(ii) Incised wound 1½” x ½” x 2/10″ on the upper portion of the right arm.
(iii) Incised wound 1″ x 2/10″ x 2/10″ on the back of the scalp left side.
(iv) Incised wound 1/10″ x 1/10″ x 1/10″ on the front of right shoulder.
(v) Incised wound 1″ x 1/2″x abdominal cavity deep on the right side of abdomen upper portion.
(vi) Swelling 2″ x 2″ on the left side of back of scalp.
(vii) Penetrating wound with cut edges 1″ x ½x chest cavity deep on the right side of chest. 2½” away from midline almost in the middle.
(viii) Incised wound ¾” x 1/10″x skin deep on the middle finger of right hand.”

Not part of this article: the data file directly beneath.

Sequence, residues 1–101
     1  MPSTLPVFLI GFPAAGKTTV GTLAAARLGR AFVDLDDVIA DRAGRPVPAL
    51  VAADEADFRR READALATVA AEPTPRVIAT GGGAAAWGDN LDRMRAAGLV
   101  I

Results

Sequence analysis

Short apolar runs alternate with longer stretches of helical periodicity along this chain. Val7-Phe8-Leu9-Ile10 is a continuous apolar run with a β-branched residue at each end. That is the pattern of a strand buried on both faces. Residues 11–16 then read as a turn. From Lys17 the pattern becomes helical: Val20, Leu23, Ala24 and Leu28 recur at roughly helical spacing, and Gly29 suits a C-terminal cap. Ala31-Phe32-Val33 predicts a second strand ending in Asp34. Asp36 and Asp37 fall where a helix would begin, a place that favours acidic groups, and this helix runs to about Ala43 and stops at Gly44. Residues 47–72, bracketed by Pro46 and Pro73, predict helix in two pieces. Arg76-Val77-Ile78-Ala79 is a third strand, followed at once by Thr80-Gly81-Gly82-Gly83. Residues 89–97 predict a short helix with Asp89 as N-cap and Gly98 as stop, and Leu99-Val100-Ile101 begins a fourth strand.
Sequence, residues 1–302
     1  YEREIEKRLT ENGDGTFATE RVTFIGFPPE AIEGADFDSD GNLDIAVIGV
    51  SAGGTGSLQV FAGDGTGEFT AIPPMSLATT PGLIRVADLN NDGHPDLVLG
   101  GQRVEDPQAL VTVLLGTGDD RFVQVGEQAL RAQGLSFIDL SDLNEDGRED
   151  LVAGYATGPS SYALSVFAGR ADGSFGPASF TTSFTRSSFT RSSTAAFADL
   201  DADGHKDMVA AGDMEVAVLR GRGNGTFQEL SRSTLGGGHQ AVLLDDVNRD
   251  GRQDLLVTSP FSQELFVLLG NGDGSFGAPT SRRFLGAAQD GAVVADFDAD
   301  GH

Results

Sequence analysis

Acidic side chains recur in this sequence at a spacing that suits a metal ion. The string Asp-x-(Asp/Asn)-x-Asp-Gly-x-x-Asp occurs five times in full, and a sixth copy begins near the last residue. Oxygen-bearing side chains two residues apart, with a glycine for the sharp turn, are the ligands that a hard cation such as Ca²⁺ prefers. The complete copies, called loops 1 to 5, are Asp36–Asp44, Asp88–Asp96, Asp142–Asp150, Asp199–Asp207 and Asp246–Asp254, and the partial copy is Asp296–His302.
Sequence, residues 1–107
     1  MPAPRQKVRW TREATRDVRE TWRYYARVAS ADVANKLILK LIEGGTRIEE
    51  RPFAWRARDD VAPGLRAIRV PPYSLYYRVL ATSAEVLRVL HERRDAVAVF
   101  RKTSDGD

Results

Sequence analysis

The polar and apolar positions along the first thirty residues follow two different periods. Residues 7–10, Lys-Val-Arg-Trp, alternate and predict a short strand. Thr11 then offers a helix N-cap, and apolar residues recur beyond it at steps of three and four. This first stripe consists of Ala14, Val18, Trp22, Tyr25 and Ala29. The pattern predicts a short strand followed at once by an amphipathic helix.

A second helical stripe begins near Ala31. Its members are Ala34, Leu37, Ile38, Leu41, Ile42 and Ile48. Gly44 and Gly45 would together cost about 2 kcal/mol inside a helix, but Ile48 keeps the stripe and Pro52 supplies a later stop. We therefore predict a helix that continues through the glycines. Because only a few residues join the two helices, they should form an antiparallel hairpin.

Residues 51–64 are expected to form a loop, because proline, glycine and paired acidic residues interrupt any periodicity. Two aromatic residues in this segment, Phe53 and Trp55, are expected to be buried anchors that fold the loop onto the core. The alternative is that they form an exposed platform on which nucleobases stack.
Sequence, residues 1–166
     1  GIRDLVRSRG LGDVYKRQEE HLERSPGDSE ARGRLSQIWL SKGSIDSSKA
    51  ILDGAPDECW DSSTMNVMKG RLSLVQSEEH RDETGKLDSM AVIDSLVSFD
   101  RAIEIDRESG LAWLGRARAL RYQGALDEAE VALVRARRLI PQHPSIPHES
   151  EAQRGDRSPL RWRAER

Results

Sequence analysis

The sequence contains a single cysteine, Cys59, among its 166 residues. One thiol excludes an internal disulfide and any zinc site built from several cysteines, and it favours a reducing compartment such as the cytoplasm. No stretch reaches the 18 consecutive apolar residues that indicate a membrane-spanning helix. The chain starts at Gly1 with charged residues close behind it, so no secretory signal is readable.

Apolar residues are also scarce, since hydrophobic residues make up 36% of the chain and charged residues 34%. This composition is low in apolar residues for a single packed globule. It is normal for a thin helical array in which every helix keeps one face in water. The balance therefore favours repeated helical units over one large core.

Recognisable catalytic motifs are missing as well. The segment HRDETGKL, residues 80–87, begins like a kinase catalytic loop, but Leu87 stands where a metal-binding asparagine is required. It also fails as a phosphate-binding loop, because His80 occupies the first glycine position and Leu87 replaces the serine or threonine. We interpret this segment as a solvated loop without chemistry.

In his opinion, all the injuries were ante mortem caused by sharp cutting pointed instruments and the time elapsed since death was within 36 hours of postmortem examination. He found the cause of death to be injury No. (vii), a penetrating wound 1″ x ½” chest cavity deep on the right side of chest. He has further opined that the injuries could be caused by bhala. However, injury No. (vi) could be caused by lathi also. The stomach of the deceased contained undigested food material and the bladder was empty. PW-8 examined the injuries of PW-1, PW-3 and PW-6 on November 16, 1991 at Bihia Block Hospital between 12:30 pm to 1:15 pm. He found six injuries on the person of PW-1. He found all the injuries simple in nature but injury No.2 and 3 were penetrating wounds on chest, right side of back and lower part of right arm above elbow joint. On PW-3, he found two injuries, one was incised wound over front portion of head 3″ x ½” skin deep and the other was penetrating wound on the right side of abdomen ½” x ¼” x ¾”. The injuries were found to be simple. On PW-6, the informant, he found three injuries. One was a lacerated wound on the left side of head ¼” x ¼”x scalp deep upto bone, the second injury was also lacerated wound on left side near middle of head 1″ x ¼” x 1/6″. The third injury was a swelling 3″ x 2″ on left buttock. The injuries were simple. Some of the injuries on PW-1 and PW-3 were by sharp weapons like bhala, but in case of PW-6, the doctor opined that the injuries were by hard and blunt substance like lathi. The age of injuries in respect of all the three injured was found to be within six hours. The injury reports of the three injured were proved by PW-8 as Exhibits “ 2, 2/1 and 2/2 respectively.